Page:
The Green Infrastructure fund looks enticing but the money is spread over five years and there are no details on how the funds will be allocated. This vagueness suggests there is no plan and no willingness to see meaningful green infrastructure development through to fruition. What’s more, the Harper government is also allocating huge dollars to conventional infrastructure development, such as roads, bridges, etc., that will exacerbate bad choices, namely more cars and trucks on the road. This will not improve air quality in and around our cities, or cut greenhouse gas emissions, or improve urban density, or move Canada toward a low-carbon infrastructure.

This budget fails to promote renewable energy, energy efficiency and climate change solutions. By comparison, Obama has pledged approximately $55 billion in equivalent Canadian dollars for clean energy development, a ratio – based on population – that is four times higher than what is proposed in the Harper budget. What’s more, Obama’s plan aims to create green jobs and promote energy efficiency, renewable sources of energy and climate change solutions across a wide range of sectors (e.g., in federal buildings, schools, low-income housing and even the military). Harper’s budget comes nowhere near this level of financial commitment and vision.

The prime failure of this budget is that it does not link the environment to economic recovery. Harper continues to take an antiquated approach to the environment – to separate it out of his government’s thinking and actions by omitting it from the core of his economic recovery plan. Obama – and other world leaders – have not made the same mistake and are pushing well past neo-Con knuckle dragging on environmental issues. Harper, with this budget, continues to show that he is yesterday’s man and well out of step for what the world requires: progressive green economics for our future low-carbon society.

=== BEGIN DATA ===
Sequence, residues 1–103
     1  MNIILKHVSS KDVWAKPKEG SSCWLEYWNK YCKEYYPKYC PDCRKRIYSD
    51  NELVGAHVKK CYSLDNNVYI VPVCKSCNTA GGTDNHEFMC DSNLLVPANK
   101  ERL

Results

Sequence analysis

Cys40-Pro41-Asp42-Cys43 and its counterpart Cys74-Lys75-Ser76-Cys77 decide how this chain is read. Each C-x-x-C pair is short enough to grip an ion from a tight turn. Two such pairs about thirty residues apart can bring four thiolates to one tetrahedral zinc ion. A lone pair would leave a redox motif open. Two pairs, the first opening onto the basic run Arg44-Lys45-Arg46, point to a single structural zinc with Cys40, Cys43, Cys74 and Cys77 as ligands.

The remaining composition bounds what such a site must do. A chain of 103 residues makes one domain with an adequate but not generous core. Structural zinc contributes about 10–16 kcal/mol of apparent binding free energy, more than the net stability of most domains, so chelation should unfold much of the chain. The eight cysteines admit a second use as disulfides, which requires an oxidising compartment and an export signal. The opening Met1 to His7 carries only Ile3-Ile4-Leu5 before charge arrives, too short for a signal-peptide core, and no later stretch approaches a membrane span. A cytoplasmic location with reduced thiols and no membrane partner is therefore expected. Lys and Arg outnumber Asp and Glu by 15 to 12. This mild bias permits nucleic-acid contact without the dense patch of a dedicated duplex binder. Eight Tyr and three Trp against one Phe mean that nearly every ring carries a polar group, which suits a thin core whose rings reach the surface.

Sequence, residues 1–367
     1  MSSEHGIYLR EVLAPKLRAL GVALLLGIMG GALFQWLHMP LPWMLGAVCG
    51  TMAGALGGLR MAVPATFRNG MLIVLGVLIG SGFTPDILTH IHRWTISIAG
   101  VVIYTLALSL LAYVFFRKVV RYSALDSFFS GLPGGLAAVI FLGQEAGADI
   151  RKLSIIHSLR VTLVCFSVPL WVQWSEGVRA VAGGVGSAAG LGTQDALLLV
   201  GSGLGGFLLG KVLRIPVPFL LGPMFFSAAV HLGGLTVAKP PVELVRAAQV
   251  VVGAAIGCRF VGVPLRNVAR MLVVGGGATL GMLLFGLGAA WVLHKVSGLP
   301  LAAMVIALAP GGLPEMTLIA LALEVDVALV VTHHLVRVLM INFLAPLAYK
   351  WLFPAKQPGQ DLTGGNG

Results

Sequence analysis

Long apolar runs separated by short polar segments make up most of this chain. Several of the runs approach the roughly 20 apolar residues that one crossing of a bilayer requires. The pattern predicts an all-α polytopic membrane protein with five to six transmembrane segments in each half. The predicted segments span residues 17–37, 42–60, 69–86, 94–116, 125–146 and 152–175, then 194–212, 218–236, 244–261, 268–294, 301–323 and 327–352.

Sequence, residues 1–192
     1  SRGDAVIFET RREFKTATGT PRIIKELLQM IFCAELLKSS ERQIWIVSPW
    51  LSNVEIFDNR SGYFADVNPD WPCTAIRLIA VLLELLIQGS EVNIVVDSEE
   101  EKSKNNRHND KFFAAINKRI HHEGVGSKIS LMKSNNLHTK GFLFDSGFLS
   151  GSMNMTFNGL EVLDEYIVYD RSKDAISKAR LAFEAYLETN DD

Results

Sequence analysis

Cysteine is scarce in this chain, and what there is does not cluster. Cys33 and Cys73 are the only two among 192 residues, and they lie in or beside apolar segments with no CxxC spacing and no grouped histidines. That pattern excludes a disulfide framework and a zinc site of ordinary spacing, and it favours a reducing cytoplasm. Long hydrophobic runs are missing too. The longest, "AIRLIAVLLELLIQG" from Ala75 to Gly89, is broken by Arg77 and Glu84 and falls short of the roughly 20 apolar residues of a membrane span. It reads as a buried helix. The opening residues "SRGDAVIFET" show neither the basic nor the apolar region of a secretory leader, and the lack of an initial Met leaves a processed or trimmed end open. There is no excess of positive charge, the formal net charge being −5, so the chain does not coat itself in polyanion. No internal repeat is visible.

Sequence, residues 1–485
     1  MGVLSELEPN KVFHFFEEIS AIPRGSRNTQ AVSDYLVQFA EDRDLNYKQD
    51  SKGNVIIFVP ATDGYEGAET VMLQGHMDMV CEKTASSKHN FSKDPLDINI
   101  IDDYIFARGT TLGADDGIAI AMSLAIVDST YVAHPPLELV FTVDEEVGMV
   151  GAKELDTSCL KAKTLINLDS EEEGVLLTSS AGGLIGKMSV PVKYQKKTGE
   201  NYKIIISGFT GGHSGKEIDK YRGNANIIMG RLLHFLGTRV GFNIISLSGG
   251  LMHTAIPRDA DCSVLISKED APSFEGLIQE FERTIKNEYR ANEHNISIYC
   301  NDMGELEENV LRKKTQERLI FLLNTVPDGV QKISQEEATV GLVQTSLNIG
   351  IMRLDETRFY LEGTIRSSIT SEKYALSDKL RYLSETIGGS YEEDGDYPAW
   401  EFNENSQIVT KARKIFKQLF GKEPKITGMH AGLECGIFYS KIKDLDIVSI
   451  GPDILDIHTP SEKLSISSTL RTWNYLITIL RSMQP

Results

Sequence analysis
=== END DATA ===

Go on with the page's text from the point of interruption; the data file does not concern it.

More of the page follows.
What are better choices?

  • A green stimulus plan that would push Canada to finally merge the economy and the environment, steering the country to a low-carbon future. This is where so much of the rest of the world is headed, including our neighbours to the south.
  • An economic stimulus based on greening the economy for the long-term.
  • Massive investments in genuinely renewable sources of energy, such as wind, solar and tidal power and assurances that these forms of power would be in public hands.
  • An aggressive program to reduce carbon emissions.
  • Long-term retrofitting and energy efficiency programs for government buildings, low-income housing and commercial buildings.
  • To assign a price on carbon to help cut carbon emissions and to establish a national cap and trade systems now with measures to protect vulnerable Canadians and industries, with the money raised used for further actions to reduce greenhouse gas emissions.
  • Investment in a green jobs development strategy.

Stephen Harper still has no environmental vision. He obstinately refuses to see the way forward. His government’s central failure is that it continues to separate the environment from the economy, allowing short-term money matters to trump the planet that sustains us. Harper permits this to the detriment of all Canadians, particularly future generations.